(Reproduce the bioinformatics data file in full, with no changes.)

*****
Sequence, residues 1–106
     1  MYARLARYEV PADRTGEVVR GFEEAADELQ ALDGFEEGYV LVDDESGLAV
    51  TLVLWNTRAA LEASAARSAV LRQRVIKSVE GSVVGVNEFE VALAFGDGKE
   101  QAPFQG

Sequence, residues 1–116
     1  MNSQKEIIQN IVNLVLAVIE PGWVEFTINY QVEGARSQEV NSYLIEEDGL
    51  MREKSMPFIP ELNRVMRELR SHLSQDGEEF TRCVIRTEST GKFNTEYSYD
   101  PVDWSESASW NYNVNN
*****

Sequence, residues 1–106
     1  MYARLARYEV PADRTGEVVR GFEEAADELQ ALDGFEEGYV LVDDESGLAV
    51  TLVLWNTRAA LEASAARSAV LRQRVIKSVE GSVVGVNEFE VALAFGDGKE
   101  QAPFQG

Sequence, residues 1–116
     1  MNSQKEIIQN IVNLVLAVIE PGWVEFTINY QVEGARSQEV NSYLIEEDGL
    51  MREKSMPFIP ELNRVMRELR SHLSQDGEEF TRCVIRTEST GKFNTEYSYD
   101  PVDWSESASW NYNVNN